"I do not have any data, nor suspicions," he told journalists on Thursday when asked whether he was certain that the information did not leak from the office.
Valys also rejected the guesswork that it was him who revealed the classified information to the Lietuvos Rytas daily.
"No shadow has been cast upon me. It would be rather strange for me to leak the information to a daily that has been criticizing my work for nearly two years," the prosecutor general added.
In his words, four of his subordinates who have been tested on the polygraph, also known as the lie detector, had positive results. Valys refused to discuss the suspicions against former chiefs of the Financial Crime Investigation Service, Vitalijus Gailius and Vytautas Giržadas, saying this could undermine the pre-trial investigation.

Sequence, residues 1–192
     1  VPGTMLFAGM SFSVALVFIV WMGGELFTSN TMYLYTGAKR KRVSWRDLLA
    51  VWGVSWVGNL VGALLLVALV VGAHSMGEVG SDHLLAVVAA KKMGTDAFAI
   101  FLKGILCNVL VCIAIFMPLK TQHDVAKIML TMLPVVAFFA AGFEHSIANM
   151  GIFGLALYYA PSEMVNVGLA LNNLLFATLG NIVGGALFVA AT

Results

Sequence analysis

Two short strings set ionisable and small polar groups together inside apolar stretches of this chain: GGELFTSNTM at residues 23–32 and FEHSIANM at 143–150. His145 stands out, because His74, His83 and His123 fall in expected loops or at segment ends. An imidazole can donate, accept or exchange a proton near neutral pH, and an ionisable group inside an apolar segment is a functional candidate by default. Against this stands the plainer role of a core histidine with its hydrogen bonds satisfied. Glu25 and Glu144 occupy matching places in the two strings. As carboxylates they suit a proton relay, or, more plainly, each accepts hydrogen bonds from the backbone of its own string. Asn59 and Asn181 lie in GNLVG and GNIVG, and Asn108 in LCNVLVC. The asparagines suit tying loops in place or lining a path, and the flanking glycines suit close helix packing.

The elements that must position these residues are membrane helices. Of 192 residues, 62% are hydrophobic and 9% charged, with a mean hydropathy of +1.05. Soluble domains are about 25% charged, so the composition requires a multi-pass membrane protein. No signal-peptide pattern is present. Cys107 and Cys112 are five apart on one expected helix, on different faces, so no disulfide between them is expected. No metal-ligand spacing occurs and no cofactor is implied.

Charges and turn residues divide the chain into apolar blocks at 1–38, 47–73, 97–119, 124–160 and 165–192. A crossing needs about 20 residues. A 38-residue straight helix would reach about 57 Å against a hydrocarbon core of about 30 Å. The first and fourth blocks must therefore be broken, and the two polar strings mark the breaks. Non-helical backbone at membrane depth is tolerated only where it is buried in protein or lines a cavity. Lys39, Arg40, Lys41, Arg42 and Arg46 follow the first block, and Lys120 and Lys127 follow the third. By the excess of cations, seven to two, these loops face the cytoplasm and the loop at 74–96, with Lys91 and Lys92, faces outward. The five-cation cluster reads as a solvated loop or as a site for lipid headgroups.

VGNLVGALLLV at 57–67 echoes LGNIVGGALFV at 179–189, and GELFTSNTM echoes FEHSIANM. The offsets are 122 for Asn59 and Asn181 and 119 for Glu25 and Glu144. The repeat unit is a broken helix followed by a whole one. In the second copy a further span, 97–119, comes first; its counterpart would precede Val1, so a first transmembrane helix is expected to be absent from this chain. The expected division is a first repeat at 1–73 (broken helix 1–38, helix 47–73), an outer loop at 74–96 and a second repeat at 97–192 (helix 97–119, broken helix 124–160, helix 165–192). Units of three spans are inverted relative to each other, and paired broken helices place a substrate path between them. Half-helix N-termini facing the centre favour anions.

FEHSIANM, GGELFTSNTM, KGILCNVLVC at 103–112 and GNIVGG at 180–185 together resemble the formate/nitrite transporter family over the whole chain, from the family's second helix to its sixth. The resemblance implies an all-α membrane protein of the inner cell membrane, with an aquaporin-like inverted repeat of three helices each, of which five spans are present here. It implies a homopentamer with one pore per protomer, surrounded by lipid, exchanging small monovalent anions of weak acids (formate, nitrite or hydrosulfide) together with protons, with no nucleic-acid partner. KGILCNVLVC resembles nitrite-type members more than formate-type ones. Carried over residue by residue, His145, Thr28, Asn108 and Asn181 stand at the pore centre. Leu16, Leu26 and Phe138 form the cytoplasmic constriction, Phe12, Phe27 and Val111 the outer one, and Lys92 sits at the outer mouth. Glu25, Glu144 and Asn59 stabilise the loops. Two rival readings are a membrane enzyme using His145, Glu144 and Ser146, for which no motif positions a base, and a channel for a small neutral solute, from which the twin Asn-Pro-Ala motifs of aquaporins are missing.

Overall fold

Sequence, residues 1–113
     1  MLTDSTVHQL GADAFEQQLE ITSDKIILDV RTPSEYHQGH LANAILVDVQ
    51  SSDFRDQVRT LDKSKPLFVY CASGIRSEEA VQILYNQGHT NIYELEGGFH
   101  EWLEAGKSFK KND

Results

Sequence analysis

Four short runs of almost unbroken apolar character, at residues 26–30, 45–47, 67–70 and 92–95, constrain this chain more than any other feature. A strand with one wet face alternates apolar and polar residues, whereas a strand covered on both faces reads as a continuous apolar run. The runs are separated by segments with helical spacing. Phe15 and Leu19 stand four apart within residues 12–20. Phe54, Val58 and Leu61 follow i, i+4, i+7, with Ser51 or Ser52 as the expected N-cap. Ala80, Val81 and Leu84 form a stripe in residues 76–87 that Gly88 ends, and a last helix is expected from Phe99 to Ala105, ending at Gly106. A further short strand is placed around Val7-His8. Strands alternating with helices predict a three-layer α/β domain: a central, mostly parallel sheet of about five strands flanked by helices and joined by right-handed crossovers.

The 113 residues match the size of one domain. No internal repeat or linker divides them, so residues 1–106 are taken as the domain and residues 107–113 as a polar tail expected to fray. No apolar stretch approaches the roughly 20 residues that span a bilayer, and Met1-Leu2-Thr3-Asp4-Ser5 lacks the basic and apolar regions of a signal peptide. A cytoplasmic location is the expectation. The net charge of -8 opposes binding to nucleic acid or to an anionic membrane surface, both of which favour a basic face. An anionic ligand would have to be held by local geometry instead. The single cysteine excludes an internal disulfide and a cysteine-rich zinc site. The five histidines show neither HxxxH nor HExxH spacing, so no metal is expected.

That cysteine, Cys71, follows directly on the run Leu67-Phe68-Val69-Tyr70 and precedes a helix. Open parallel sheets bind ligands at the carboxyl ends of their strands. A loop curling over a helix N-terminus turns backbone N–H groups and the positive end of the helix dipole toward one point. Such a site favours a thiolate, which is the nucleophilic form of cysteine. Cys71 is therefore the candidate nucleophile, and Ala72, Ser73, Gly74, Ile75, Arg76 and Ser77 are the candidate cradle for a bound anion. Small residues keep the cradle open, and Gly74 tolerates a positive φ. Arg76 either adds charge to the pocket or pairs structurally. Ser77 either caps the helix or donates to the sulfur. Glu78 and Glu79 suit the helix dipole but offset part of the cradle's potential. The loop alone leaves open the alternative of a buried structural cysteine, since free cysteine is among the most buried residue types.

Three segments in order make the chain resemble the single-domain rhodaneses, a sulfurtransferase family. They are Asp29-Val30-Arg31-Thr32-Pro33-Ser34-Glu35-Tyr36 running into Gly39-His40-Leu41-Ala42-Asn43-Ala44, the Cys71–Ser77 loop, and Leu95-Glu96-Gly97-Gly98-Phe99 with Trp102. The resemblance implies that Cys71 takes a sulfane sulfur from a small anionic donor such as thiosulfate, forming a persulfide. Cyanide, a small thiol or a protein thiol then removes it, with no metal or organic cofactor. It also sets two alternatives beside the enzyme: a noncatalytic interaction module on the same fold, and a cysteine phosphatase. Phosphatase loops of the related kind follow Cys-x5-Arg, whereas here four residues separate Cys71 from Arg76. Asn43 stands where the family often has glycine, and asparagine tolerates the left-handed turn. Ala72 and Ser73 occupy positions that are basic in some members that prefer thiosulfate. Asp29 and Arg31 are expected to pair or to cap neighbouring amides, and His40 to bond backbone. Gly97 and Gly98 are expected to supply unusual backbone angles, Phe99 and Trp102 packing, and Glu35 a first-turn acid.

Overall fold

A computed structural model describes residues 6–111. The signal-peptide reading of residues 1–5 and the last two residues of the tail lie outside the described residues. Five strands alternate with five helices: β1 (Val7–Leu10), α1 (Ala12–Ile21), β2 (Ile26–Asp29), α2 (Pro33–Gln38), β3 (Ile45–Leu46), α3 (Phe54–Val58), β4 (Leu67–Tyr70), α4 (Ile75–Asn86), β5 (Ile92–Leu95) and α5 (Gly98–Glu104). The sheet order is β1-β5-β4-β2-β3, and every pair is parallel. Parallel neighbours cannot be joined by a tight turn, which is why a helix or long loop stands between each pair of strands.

He said the investigation would answer all questions.
Asked to say reasons behind the choice of the State Security Department for investigation of the information leak, Valys explained that "the institution is in charge of protecting state secrets and, as an intelligence institution, it is capable of the most efficient investigation."
Shortly before Snoras' nationalization last November, the Lietuvos Rytas daily cited anonymous sources and reported that “the Prosecutor General's Office has already issued sanctions for searching one of the banks and homes of its owners.“ The daily did not specify a bank then, only saying it was a "Lithuanian bank." Snoras owned more than third of the Lietuvos Rytas' shares.
Last week, Gailius and Giržadas were dismissed from their posts a day after having their access to classified information revoked. The interior minister said the steps were taken in response to proposals from the State Security Department. Both Gailius and Giržadas took the dismissal to court.